The Mayor of London, Boris Johnson, has unveiled ambitious plans to deliver 55,000 new affordable homes by 2015 with the potential to create over 100,000 jobs over the next four years.
Speaking at the National Housing Federation, the Mayor set out the details of his revised housing strategy, which outlines how he will take on new housing powers secured in the Localism Act, tackle Londoners' housing needs and deliver 55,000 affordable homes over this investment round. This includes a significant proportion of family sized housing with new homes designed to the Mayor's larger space standards.
The Mayor has also pledged to work with landlords to improve standards in the private rented sector with a new London Rental Standard with plans to accredit 100,000 private landlords by 2016. He will unlock stalled schemes like Greenwich Peninsula, and upgrade more than 40,000 council homes to meet the Decent Homes standard as part of a £3 billion funding settlement secured from the Government to invest in London's housing.
‘Boosting house building is critical for the economy and for the thousands of Londoners who are yearning to get on to the property ladder. This strategy offers us a golden opportunity to push on full steam ahead to deliver more affordable homes and create over a hundred thousand much-needed jobs in the process. With £3 billion secured from the Government, new powers and affordable homes delivery at record levels, we have solid foundations on which to build and cement London's housing future,’ said Johnson.
The mayor delivered around 40,000 homes in the 2008/11, and will deliver around 55,000 affordable homes in the 2011/15 investment round. This includes around 16,000 affordable homes in 2011/12, the most in a financial year since the mid 1990s. This means the Mayor is on course to deliver a record 50,000 affordable homes by the end of this Mayoral term and will deliver at least 90,000 affordable homes during 2008/15.
The revised housing strategy contains a number of key commitments to boost construction, including unlocking public land for development and helping developers on stalled projects with funding to kick-start schemes.
In addition, the Mayor wants to improve Londoners' experiences of housing in the capital through the creation of a new board with London boroughs to tackle overcrowding and increasing mobility opportunities for those in social housing.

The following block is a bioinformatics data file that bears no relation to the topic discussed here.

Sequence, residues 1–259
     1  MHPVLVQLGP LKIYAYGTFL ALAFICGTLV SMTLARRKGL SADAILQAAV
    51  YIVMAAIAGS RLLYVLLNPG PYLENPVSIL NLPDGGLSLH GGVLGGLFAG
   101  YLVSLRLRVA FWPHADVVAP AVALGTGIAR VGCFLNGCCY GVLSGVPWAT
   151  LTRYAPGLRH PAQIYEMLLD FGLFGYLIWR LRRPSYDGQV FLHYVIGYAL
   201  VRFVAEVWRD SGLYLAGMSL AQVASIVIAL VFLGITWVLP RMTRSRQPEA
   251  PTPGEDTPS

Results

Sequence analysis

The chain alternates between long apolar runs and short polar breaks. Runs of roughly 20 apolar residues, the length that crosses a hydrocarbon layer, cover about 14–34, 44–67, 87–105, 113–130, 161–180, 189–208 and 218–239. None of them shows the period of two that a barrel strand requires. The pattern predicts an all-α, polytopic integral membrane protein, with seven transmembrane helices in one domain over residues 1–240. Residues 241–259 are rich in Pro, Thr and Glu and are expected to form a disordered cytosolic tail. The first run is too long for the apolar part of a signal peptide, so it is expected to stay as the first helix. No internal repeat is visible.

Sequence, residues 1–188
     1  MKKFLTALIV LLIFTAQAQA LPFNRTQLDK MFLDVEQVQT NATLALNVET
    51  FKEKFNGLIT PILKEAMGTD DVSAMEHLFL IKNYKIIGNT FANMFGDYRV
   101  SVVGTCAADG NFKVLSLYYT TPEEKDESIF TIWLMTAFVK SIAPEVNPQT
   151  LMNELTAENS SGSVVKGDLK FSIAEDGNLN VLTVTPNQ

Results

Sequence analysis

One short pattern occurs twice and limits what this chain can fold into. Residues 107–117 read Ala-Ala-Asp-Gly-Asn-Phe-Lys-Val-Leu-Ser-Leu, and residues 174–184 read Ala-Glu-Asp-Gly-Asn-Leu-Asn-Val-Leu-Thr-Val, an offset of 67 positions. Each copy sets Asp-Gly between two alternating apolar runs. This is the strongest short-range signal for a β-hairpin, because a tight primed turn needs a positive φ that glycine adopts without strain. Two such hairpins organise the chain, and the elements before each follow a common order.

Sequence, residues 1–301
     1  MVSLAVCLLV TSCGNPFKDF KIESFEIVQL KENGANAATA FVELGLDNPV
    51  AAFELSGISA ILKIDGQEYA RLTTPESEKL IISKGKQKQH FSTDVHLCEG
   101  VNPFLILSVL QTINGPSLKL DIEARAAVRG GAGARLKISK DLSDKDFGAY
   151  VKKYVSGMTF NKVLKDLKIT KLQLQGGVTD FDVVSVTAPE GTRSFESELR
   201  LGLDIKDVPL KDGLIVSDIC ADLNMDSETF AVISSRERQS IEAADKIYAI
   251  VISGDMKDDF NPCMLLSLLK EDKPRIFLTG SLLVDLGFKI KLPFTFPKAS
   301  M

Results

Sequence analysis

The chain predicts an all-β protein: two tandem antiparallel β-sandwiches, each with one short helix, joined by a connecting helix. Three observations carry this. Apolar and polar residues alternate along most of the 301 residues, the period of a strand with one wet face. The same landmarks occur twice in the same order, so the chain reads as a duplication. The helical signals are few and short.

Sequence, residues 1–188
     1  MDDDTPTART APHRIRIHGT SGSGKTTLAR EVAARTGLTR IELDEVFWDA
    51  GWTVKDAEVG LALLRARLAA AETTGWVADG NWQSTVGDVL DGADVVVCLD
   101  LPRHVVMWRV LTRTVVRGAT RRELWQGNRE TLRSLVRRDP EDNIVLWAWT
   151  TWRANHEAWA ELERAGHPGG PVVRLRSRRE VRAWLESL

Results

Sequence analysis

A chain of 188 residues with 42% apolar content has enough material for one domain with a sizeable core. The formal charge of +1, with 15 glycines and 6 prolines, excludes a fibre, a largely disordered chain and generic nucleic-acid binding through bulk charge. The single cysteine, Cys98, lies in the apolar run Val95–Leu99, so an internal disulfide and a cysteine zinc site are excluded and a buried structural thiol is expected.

Key commitments contained within the Mayor's revised housing strategy include proposals to unlock the Greenwich Peninsula with the construction of 2,000 new homes to establish one of the largest development sites in the UK and provide a welcome boost to jobs in the construction and other associated industries.
There will also be accreditation of 100,000 landlords by 2016 to raise the quality of management in the private rented sector. This would provide a recognisable brand of accreditation which will give tenants and prospective tenants' confidence that their landlord will provide a professional service.
And there is help for first time buyers through the expansion of the First Steps programme and exploration of a rent to save model for renters to help people to acquire equity over time. The Mayor will also work closely with the government, following the announcement of its new build mortgage indemnity scheme, to boost access to home ownership in London, particularly for families.
There will also be closer working with boroughs and other major public landowners to bring forward land for development. The Mayor is committed to having a clear exit strategy for all landholdings transferred to the GLA as part of the devolution settlement. He will publish details of GLA landholdings and will launch a London Development Panel to fast-track procurement, inviting other public landholders to use the panel.
Also there will be lobbying of the government for a fair share of its £400 million Get Britain Building scheme to kick-start developments stalled in the development pipeline.
A London Overcrowding Board will be launched with boroughs, housing associations and the NHS to tackle the blight of overcrowding and meet his target of halving severe overcrowding in social rented housing by 2016.
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